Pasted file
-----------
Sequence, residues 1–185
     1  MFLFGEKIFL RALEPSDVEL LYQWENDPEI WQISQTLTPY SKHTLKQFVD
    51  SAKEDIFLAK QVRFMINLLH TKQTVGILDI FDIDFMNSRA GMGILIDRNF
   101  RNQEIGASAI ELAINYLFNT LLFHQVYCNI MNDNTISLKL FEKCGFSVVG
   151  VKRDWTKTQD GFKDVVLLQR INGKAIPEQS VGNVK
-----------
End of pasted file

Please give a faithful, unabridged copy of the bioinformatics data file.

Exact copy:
Sequence, residues 1–185
     1  MFLFGEKIFL RALEPSDVEL LYQWENDPEI WQISQTLTPY SKHTLKQFVD
    51  SAKEDIFLAK QVRFMINLLH TKQTVGILDI FDIDFMNSRA GMGILIDRNF
   101  RNQEIGASAI ELAINYLFNT LLFHQVYCNI MNDNTISLKL FEKCGFSVVG
   151  VKRDWTKTQD GFKDVVLLQR INGKAIPEQS VGNVK